The International Olympic Committee (IOC) sought to allow professional football players to compete in the 1984 Olympics since the importance of an Olympic football competition was dwindling rapidly. FIFA has a long history of association with professional athletes. FIFA, on the other hand, was not interested in hosting a competition that competed with its World Cup. The former FIFA president, Joao Havelange (who was also a member of the International Olympic Committee), refused to comply with the IOC's demands. The issue between the International Olympic Committee and FIFA was resolved by a compromise. In today's world, every national team has an age restriction of 23 years old plus three players who are three years older.
In addition, because preparations for the upcoming season are well underway, league clubs are under no need to send their players to the Olympic Games in Rio. Almost no team in the league is willing to give up their best players for a couple of weeks on their own will. In contrast to official FIFA international matches, when clubs are required to send their players to their respective national teams, this is not the case for club-sponsored international fixtures.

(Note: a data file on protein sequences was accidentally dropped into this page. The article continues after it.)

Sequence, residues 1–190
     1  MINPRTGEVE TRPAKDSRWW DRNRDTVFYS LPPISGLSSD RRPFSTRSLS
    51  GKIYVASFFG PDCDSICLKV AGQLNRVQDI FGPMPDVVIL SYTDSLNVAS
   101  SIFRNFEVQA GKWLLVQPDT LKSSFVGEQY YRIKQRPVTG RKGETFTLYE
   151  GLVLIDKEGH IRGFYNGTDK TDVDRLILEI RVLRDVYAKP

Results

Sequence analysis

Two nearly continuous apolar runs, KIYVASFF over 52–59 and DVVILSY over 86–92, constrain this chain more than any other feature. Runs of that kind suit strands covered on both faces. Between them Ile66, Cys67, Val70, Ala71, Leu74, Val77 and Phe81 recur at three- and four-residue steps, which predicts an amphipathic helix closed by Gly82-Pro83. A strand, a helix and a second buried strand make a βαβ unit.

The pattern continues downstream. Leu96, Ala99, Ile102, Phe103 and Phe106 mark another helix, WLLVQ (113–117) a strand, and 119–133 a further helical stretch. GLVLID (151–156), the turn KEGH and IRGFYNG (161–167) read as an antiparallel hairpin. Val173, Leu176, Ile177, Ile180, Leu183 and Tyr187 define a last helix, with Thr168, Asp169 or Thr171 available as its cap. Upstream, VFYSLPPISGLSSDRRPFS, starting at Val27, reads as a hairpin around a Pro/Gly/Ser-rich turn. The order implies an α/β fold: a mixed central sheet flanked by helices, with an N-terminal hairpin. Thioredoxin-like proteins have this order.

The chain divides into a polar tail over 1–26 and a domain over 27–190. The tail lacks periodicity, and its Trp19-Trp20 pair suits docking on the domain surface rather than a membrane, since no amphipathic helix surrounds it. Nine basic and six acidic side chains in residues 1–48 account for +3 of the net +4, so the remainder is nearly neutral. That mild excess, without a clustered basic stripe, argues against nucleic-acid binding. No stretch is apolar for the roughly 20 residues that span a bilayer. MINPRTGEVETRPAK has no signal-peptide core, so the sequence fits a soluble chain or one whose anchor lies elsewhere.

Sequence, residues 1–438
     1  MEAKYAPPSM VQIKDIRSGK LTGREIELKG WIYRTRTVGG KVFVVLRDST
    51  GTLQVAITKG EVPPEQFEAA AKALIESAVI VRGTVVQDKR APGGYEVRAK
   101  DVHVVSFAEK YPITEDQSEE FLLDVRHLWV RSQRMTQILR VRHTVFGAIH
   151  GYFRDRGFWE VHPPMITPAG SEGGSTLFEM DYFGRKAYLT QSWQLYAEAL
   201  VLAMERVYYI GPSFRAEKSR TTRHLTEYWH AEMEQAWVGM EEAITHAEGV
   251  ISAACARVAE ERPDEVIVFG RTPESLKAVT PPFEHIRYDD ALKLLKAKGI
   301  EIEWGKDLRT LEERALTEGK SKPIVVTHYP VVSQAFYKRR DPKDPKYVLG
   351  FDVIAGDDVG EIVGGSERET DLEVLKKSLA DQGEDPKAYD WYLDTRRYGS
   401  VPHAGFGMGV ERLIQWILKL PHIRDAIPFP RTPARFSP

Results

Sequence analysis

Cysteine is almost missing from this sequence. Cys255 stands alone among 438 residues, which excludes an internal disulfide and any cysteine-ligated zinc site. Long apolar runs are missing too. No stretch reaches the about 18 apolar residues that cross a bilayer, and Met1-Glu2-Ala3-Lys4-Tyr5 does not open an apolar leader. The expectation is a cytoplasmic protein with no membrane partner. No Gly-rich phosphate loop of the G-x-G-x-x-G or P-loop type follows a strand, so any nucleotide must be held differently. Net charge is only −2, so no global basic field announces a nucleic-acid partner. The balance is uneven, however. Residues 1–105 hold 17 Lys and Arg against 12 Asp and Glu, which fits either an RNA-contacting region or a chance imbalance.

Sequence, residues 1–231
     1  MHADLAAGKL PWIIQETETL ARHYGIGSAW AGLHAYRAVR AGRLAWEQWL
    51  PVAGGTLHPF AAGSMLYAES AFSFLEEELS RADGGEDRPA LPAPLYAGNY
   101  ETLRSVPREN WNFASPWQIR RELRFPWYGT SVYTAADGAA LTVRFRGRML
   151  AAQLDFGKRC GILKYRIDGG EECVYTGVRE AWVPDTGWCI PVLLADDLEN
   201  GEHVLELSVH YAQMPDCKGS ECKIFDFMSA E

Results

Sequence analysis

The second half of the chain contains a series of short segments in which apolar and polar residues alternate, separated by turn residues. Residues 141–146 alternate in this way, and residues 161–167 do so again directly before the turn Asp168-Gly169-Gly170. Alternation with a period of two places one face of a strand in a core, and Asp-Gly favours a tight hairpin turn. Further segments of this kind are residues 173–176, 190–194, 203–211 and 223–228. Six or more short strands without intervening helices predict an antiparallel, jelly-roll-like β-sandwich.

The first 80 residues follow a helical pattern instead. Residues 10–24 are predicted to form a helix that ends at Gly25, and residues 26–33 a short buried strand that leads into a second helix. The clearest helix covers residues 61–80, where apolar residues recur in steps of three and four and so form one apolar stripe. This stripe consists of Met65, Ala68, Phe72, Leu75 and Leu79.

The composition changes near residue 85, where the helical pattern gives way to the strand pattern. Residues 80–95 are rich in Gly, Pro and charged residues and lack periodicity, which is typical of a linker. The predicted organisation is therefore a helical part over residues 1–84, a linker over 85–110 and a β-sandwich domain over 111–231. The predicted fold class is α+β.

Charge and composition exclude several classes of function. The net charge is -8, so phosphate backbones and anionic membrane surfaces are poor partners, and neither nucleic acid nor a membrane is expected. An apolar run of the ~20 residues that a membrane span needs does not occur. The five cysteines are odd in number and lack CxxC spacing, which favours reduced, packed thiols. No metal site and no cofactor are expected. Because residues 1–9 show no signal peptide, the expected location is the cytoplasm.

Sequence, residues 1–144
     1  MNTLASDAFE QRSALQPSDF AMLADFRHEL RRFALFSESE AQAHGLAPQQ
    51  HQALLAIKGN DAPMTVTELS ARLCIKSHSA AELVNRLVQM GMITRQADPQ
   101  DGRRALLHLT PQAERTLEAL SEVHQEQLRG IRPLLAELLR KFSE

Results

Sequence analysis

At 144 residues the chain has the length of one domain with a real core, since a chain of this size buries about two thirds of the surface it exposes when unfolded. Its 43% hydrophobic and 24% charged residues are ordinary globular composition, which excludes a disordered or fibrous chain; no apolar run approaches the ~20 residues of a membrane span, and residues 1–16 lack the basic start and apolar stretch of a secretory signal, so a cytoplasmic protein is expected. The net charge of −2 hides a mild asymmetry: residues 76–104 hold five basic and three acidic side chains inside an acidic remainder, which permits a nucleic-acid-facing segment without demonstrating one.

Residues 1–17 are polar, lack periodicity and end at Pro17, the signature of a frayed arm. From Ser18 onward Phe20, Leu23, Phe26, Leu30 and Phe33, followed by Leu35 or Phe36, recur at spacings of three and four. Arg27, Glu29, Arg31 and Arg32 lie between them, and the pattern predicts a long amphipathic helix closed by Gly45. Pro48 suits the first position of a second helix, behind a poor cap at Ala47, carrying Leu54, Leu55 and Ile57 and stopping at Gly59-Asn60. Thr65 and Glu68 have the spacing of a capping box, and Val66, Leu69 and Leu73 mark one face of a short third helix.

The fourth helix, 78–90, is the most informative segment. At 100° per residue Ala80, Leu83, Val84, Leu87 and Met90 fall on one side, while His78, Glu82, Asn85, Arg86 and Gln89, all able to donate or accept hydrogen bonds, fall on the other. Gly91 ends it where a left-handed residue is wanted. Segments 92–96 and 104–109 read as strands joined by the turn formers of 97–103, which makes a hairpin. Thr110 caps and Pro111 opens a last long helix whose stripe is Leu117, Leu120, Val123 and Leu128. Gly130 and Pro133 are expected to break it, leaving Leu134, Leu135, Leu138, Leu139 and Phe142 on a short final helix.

Another factor is a combination of politics and money. The most popular sport on the planet, according to numerous statistics and sources, is football, which has significant economic interests behind each competition. The power and greed of FIFA should not be underestimated, as should the popularity of football in general. The World Cup, which takes place every four years, is a big worldwide event that draws unrivaled media coverage and participation. A large portion of the World Cup's revenue would be captured if the Olympics featured teams and players who were similar to those who compete in the World Cup, as was the case in 2008.
Throughout the years, FIFA made it apparent that it was not willing to give its riches and power, if not actively seek to acquire them from other organizations. It's hard to forget the Toyota Cup, which was held yearly in Yokohama and in which the victor was awarded with a Toyota vehicle. It had been turned into the Club World Cup, which is now held annually in Monaco and is governed by FIFA, and had been renamed.
The Confederations Cup, in which the winning teams from each continent competed, was a tournament that only a small number of those who took part wanted to see. While it simply adds another load to what is already a difficult season for the players, FIFA was determined to make it an eye-catching event and instituted a number of rules to ensure that participants brought their best players and used them on the field. Because of the tragic death of Vivien Foe, who occurred during a game in this tournament, this tendency has slowed significantly. Professional footballers are not permitted to compete in the Olympics as long as they are not part of an official FIFA event, such as the World Cup, Euros, or any of the other tournaments.
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